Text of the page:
Warmer weather is finally here and we’re all eager to get outside with our pets. While spending time outdoors with your pet can be a great bonding activity, there are some safety tips you have to keep in mind for when the temperature rises.
- Never leave an animal alone in a parked vehicle: Even on a 22 °C (70 °F) to 26 °C (80 °F) day when it may feel comfortable outside, the inside of your car can heat up to over 100 °F (38 °C) in minutes, even with the window left a little open.
- Ensure your pet has access to plenty of water: “Prolonged sun and heat exposure can cause dehydration, which, if left untreated, can quickly become heat stroke,” explains Pets Plus Us’ Chief Veterinary Officer, Dr. Chip Coombs. “If not treated rapidly heat stroke can be fatal for your pet.”
- Know the symptoms of heat stroke: Symptoms of overheating can include laboured breathing or excessive panting, noticeable weakness, stumbling or collapsing. As your pet’s body temperature elevates to over 104 degrees, they can suffer from vomiting, diarrhea and seizures. If you suspect your pet is showing the signs of heat stroke, seek help from your veterinarian immediately.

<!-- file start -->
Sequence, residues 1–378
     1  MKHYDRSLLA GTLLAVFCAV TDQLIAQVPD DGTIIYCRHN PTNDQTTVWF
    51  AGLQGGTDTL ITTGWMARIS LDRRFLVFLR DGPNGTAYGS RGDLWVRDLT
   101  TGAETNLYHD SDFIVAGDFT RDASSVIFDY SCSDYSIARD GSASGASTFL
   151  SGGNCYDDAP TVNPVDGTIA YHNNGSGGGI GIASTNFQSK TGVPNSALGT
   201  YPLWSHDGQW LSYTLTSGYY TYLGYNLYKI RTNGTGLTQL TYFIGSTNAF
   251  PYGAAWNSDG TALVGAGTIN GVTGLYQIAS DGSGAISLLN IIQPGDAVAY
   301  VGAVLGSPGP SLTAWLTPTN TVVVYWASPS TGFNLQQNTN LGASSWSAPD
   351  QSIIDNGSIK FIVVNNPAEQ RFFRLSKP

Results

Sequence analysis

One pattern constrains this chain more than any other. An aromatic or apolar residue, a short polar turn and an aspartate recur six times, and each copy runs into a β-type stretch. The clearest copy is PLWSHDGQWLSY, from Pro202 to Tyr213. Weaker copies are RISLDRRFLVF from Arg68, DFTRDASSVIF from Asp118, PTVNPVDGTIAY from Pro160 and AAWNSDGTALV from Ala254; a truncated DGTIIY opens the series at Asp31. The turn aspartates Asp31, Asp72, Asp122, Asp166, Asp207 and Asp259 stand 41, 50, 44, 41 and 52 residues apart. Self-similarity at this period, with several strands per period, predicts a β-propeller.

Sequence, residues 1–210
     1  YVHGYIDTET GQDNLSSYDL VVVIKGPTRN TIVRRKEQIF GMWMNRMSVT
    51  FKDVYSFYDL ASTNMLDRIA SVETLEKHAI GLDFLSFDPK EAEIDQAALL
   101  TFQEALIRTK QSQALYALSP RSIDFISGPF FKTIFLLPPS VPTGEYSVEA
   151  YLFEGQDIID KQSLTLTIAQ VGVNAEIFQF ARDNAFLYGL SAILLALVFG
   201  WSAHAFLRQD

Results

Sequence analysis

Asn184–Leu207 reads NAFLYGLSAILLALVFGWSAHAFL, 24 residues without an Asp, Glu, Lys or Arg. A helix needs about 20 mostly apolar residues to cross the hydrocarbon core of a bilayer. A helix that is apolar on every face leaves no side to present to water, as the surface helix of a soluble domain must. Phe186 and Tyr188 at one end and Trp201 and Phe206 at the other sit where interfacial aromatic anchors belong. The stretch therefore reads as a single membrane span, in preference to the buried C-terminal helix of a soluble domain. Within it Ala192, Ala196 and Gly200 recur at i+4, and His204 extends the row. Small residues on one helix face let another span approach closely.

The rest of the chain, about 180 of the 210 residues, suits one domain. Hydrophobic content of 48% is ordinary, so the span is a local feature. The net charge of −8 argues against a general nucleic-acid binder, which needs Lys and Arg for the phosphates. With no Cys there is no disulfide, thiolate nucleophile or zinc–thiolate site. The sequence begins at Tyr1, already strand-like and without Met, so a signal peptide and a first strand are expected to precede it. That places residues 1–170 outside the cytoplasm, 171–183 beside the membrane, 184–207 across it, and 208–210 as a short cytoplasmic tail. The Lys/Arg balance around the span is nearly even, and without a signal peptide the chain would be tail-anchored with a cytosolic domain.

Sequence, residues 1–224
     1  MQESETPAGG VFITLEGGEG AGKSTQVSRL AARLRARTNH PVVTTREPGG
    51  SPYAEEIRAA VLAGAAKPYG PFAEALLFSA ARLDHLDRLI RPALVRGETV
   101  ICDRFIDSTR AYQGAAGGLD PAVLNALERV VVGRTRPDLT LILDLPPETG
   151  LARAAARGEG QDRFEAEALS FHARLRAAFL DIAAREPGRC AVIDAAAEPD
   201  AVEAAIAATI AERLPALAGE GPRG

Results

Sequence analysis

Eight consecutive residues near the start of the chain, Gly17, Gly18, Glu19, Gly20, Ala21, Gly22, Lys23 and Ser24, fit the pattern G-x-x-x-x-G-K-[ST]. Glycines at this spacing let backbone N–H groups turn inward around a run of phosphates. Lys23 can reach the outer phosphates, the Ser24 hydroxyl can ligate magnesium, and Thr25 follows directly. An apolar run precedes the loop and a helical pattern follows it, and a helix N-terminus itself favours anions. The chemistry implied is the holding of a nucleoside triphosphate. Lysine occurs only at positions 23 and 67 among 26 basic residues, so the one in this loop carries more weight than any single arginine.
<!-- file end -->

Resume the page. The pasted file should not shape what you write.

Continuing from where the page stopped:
- Keep your pet out of direct sunlight: Make sure your cat or dog has a shady place to rest, such as under trees or tall shrubs. Remember: as the sun shifts, so does the shade.
- Remember that some breeds tolerate heat differently than others: Dogs that are brachycephalic (short-faced), such as Bulldogs, Boxers, Japanese Chins and Pekingese have a hard time in the heat because they do not pant as efficiently as longer-faced dogs. This type of dog should be kept under close supervision when playing outside.
- Limit your dog's exposure to sunlight during the day: The sun tends to be the strongest between the hours of 10 A.M. and 4 P.M. Apply sunblock to your pets ears and nose 30 minutes before going outside. There are many sunblocks made specifically for use on dogs or cats.
- Limit exercise on hot days: The duration and intensity of your pet’s daily workout should depend on how hot it is outside. On really warm days, limit exercise to shorter walks. You can do this multiple times a day if your dog has a lot of pent up energy!
- Avoid walking your dog on hot pavement: Hot asphalt can blister and burn your pet’s paws. The rule of thumb (or toe!) is if it’s too hot for your bare feet, it’s too hot for your dog’s bare paws!